Principal Bradby was a devout Christian and read the Bible frequently. However, professionally he had misgivings about one aspect of the traditions of Royal College, namely readings from the Bible at school functions. In his opinion Royal College, was a secular institution as opposed to a Christian institution, therefore there should be readings from the Buddhist, Hindu, and Islamic scriptures as well. Thus in one master stroke in early 1940, he honoured Buddhism, Christianity, Hinduism and Islam by having readings from all four scriptures at the daily general assembly. His strategy worked like a charm and it is a tradition of Royal College even today.
Thus quite clearly Principal Bradby had quickly got into his stride. Before his first year at Royal College was duly completed, he decided to utilize the inadequate funds collected to build a swimming pool ever since our centenary to build instead a gymnasium. It was ceremonially opened in 1941 and gymnastics was introduced to our curriculum with immediate effect.
Principal Bradby displayed the human side of him in the supervision of the Royal College Hostel at "Maligawa", across the street and opened in May 1939. Mrs. Bradby who was expecting their first baby, was put in charge of all welfare measures. With food rationing due to World War II, Principal Bradby was an unexpected visitor for a meal to check for himself that nourishment was adequate. Everyday he was a visitor to the sick room, where he comforted the inmates. Periodically he invited a few hostellers at a time to join Mrs. Bradby and him for high tea.
In December 1941, Principal Bradby was given a few days notice to vacate our splendid premises on Reid Avenue, to make way for a Military Hospital. Ironically Royal College made virtually homeless on Sunday 7th December 1941, the day Japan bombed Pearl Harbour, resulting in the United States entering World War II. Principal Bradby and the boys of Royal College marched out through the Boake Gates singing,
" Are we down hearted ?
Oh no, No ‘.
Somehow Principal Bradby obtained special permission for just one term to locate Royal College next door, at The Colombo University College, now The University of Colombo. In that short period of time, Royal College was re-located at Turret House and three bungalows on Turret Road duly rented out for classrooms and even laboratories for Science practicals. The Colombo University College continued to make available their grounds for sports. The makeshift arrangements were operational for four long years reflecting much credit on the resilience of Principal Bradby.
Exceptionally able though he was, Principal Bradby had a clear idea of his limitations. He needed to have the full support of the Old Boys and his staff. In The Royal College Union he had a series of special committees. For example the Committee on University Education had luminaries such as Professor Nicholas Attygalle (Medicine), Professor A. W. Mylvaganam (Science), and Professor J. L. C. Rodrigo (Classics). The Games Committee had former Captains of the Ceylon teams, such as C. C. Dissanayaka (Athletics), Dr. H. S. R. Goonewardene (Athletics), Dr. C. H. Gunasekera (Cricket), S. S. Jayewickrema (Cricket) and Danton Obeysekera (Boxing). On the Staff he regularly consulted Vice-Principal H. J. Wijesinghe, his successor Vice- Principal J. C. A. Corea (later Principal), Senior Science Master M. M. Kulasekeram (later Vice-Principal), C. Samarasinghe (later Senior Science Master and still later Vice-Principal), J. E V. Pieris (Head Master of the Lower School), Bernard Mendis, and H. R . Fernando both Hostel Masters, senior teachers C. E. Belleth (Science) and R. Rajaratnam (Science), both of whom had played in the Royal-Thomian Cricket match in their time and other senior teachers, Captain C. P. De A. Abeysinghe (Cadeting), Captain B. C. Anghie (Rugby Football), R. C. Edwards (Art) and T. M. Weerasinghe (English).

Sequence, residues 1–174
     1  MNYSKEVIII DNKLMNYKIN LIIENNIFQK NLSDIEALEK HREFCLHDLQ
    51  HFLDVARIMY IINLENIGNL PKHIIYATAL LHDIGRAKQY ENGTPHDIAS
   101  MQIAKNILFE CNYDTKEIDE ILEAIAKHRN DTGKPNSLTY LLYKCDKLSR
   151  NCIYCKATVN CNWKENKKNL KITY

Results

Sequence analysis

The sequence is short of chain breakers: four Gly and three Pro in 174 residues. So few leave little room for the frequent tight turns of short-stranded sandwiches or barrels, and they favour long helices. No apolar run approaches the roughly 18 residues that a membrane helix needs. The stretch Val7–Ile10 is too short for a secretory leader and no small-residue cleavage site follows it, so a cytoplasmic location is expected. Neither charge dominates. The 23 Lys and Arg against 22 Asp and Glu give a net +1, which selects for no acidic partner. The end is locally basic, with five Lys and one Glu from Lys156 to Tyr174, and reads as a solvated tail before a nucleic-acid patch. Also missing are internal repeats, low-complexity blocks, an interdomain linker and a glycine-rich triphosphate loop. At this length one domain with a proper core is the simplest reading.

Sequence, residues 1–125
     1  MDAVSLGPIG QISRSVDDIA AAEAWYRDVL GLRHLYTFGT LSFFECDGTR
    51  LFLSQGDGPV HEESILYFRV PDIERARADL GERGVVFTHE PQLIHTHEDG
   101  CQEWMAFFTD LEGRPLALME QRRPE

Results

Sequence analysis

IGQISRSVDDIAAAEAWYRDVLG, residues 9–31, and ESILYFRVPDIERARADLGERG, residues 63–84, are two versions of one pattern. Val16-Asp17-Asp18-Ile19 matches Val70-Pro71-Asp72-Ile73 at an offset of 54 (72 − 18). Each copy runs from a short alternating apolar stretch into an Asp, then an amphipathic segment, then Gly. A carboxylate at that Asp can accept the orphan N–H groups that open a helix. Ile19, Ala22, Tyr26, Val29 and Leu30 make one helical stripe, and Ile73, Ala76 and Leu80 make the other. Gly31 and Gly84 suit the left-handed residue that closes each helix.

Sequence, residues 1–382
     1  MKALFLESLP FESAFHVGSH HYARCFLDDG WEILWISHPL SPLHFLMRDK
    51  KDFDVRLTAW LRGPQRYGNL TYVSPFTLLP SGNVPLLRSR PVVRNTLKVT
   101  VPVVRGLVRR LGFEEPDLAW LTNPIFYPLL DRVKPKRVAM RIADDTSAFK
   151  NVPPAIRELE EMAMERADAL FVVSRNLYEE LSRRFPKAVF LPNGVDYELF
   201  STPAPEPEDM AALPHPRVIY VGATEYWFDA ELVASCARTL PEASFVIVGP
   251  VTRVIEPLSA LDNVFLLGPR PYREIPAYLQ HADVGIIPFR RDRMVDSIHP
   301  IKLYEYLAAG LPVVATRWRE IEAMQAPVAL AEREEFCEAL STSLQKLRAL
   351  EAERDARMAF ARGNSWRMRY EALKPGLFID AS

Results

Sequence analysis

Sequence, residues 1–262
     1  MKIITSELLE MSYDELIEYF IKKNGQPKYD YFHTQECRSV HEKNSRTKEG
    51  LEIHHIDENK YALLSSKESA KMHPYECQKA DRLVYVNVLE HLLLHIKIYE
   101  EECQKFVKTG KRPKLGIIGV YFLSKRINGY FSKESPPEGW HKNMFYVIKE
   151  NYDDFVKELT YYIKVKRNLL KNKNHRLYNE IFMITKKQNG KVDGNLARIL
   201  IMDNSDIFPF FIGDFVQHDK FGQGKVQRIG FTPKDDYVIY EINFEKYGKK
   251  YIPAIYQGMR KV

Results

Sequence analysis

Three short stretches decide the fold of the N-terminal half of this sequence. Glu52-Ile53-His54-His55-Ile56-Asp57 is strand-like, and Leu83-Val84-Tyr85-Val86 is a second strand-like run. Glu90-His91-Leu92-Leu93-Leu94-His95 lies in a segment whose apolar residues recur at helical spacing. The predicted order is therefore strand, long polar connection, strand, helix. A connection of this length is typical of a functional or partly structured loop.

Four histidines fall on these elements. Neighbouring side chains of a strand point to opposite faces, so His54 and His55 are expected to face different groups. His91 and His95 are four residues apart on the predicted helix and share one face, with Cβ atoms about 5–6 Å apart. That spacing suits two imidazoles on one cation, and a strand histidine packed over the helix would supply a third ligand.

Principal Bradby was indeed a practical man. He rarely spoke in parables but instead spoke of well established truths in the context of Royal College. Thus he spoke not of:
Mens sana in corpore sano (a healthy mind in a healthy body) as his distinguished predecessors had done, but instead he quoted from the Royal College Anthem:
"We will learn of books and men, and learn to play the game"
Accordingly, he accorded the highest honour at Royal College to those who simultaneously shone in studies and sports. A supreme example was Lakshman Wickremesinghe, our Head Prefect in 1944. He won both panel prizes in English, the Steward Prize and the Shakespeare Prize, another panel prize the Dornhorst Memorial Prize, the Best Speakers’ Prize and several other prizes, was Chairman of the Senior Literary Association, Editor of the Magazine, won Colours in Athletics, and Rugby Football and entered The University of Ceylon on a scholarship. Four years later he took a First in Economics and a scholarship to Oxford. There he studied Divinity and was ordained a priest of the Church of England. At the age of 35 years he became a Bishop, the youngest Bishop in the worldwide network of the Church of England.
Principal Bradby also observed that young Upali Amerasinghe of the Royal College Class of 1939 was cast in the same mould. Our Head Prefect in 1946 he went on to win four panel prizes and four Colours and was the Editor of the Magazine. He took a First in English at the University of Ceylon and won four Colours. At Cambridge he obtained a doctorate in English and a Blue in Boxing. Unfortunately he died of natural causes at the young age of 29 years.
Principal Bradby gave every encouragement to sports even when Royal College was evicted from our traditional base. He gave the highest priority to team work as opposed to individual brilliance which he never commended at a General Assembly or in public. However, in private he greatly appreciated individual performance. Accordingly in 1940 he publicly commended the Athletics team, which won the Public School championship, in 1941 the Rugby Football team which for the first time ever defeated Trinity College and in 1942 the Cricket team which defeated S. Thomas College.